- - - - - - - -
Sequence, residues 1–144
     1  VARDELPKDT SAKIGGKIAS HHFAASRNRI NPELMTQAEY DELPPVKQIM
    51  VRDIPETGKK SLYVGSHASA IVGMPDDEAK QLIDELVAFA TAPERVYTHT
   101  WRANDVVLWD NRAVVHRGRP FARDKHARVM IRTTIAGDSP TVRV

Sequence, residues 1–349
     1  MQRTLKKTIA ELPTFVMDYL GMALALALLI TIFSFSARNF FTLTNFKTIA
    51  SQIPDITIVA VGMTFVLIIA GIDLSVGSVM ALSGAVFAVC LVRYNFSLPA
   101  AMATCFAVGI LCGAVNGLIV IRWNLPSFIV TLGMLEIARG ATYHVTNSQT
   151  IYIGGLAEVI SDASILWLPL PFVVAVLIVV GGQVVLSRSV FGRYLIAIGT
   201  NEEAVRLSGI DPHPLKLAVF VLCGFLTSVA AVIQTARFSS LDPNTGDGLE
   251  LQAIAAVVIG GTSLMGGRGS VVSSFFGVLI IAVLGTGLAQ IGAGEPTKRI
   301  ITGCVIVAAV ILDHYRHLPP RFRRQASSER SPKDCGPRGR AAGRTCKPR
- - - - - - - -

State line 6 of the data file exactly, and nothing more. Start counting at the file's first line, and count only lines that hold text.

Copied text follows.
     1  MQRTLKKTIA ELPTFVMDYL GMALALALLI TIFSFSARNF FTLTNFKTIA